Well, Week 3 is up and running. It was great to see the group hard at work in the studio yesterday working on your postcards during my quick trip to sort out the administrative and timetable confusions that seem to be dogging us in regards to the use of the Letterpress Studio. You may not realise it but this is actually linked to the excursion I spoke to you about in the introductory session in Week 1. "What happened?", I can hear you saying. :)

In the first instance the excursion was suggested by Katherine Moline (Course Co-ordinator) becuase of a room timetabling clash in Week 5. We'd responded by finding an option for excursions to Fairfax Printers out in South Western Sydney. Until yesterday we though this would be possible albeit on another day in Week 5.

As you realise the timetable clash suddenly manifested itself yesterday - in Week 3. I know - don't ask me why!

Thanks to Wing's quick negotiation you were able to work in the studio yesterday but next week there will be no studio.

After discussing the matter with the Head of Design Studies, Liz Williamson it was decided that the best solution would be to run a make-up class in the COFA Study Week (Monday 18 April) at the usual time. We've therefore made sure you get exactly the same amount of time in the studio to work on your Letterpress Postcards.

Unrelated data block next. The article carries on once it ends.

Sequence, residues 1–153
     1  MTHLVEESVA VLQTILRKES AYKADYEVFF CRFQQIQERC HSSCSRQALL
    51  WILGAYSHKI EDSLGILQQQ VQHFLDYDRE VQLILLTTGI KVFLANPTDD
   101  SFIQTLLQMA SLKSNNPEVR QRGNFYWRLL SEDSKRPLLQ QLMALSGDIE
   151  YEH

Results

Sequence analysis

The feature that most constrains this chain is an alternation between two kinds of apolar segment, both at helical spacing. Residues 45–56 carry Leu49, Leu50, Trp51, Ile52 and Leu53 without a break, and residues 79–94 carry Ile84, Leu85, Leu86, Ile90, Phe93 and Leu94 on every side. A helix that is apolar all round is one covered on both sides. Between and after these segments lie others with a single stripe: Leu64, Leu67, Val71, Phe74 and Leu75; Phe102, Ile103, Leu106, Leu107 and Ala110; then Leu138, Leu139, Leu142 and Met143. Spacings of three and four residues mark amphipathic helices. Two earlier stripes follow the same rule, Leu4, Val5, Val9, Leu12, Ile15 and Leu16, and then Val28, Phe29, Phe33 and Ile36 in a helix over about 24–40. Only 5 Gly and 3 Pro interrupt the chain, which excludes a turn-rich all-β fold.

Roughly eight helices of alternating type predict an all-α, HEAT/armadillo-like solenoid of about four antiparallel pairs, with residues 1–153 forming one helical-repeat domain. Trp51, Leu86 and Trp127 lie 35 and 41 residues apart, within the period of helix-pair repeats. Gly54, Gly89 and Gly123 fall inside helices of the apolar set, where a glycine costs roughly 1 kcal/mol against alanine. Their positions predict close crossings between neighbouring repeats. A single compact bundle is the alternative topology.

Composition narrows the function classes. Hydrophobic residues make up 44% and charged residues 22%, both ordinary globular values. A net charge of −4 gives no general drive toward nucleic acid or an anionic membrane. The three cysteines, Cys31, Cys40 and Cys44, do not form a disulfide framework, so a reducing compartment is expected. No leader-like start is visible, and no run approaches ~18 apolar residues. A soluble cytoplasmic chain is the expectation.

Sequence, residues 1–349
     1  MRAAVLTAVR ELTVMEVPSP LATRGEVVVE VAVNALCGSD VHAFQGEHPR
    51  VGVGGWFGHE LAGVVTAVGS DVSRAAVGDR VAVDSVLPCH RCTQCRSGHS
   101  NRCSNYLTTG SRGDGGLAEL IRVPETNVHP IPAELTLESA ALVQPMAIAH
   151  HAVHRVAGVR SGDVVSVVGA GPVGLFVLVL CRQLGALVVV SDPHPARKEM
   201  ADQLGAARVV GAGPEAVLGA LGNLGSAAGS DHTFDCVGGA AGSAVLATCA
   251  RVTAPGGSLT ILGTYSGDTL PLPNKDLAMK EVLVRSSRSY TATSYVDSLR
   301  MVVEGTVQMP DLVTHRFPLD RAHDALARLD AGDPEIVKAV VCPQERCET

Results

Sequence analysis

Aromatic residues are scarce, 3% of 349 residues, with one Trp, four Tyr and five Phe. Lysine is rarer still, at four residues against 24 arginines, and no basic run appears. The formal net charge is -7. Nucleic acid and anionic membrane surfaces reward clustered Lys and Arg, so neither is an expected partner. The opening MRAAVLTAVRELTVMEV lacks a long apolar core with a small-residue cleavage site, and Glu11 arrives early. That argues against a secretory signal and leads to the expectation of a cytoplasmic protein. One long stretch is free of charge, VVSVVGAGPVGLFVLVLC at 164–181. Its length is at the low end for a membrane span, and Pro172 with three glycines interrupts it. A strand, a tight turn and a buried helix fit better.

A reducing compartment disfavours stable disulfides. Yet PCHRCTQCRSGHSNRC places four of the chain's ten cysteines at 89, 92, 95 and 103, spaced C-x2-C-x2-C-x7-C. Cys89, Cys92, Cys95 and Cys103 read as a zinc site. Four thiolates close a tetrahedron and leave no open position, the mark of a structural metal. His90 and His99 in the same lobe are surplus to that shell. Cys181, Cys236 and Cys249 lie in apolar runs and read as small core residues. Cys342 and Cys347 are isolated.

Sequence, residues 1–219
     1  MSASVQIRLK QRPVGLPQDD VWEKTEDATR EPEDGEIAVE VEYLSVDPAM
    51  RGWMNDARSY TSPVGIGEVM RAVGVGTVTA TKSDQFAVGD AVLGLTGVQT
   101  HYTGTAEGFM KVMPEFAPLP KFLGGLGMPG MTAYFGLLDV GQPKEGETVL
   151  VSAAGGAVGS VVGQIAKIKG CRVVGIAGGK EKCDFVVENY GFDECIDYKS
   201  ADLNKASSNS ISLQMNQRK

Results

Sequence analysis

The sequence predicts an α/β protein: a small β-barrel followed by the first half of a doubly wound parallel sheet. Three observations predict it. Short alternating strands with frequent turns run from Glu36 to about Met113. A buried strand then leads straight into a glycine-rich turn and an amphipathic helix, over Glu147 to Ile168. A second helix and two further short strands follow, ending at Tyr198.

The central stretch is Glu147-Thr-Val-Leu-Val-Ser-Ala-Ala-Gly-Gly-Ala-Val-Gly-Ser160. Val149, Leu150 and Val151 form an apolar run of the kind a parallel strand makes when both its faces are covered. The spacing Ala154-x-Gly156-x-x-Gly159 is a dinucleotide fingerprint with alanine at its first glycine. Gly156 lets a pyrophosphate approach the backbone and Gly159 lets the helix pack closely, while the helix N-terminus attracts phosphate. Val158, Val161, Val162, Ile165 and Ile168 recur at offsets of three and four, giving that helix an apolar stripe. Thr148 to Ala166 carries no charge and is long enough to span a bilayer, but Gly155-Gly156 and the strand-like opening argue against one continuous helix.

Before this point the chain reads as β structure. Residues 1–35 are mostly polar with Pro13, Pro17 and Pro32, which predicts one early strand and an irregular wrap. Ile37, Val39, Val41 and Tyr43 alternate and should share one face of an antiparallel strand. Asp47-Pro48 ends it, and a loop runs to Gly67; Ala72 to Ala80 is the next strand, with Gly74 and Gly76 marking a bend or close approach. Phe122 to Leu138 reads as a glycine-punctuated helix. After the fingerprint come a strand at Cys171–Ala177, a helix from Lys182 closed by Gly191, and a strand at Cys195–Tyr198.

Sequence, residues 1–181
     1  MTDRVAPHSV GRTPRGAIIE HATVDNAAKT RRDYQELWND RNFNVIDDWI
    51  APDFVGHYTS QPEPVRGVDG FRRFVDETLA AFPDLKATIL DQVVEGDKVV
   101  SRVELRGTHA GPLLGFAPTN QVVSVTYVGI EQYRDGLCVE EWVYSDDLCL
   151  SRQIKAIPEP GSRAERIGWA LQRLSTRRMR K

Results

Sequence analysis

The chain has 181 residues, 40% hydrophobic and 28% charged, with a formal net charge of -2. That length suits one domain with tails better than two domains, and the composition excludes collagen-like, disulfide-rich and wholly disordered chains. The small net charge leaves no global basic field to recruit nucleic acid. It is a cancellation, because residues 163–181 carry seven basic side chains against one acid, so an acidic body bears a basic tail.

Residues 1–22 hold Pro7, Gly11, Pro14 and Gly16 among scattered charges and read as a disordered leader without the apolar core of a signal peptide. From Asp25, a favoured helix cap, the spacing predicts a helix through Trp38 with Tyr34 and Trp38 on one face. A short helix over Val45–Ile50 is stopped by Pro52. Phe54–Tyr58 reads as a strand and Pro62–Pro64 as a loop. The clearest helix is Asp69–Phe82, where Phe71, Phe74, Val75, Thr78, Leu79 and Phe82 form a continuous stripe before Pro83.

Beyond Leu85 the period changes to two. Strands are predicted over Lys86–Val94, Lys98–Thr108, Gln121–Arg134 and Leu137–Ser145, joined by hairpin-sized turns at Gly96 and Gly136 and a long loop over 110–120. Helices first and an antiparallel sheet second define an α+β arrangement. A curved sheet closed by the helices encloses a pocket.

So, I know the disappointment is that there won't be an excursion - but the reality is there usually isn't one in the course anyways - there is simply so much to do!

Ok as usual there is a Self-Directed Research Task this week - this one is about getting prepared for producing your Postcard. Lucky you - there is an extra week now for this task!!

Self-Directed: Refine your selected design solution for production (printing) in the next class.

Monday, March 14, 2011

Gill Sans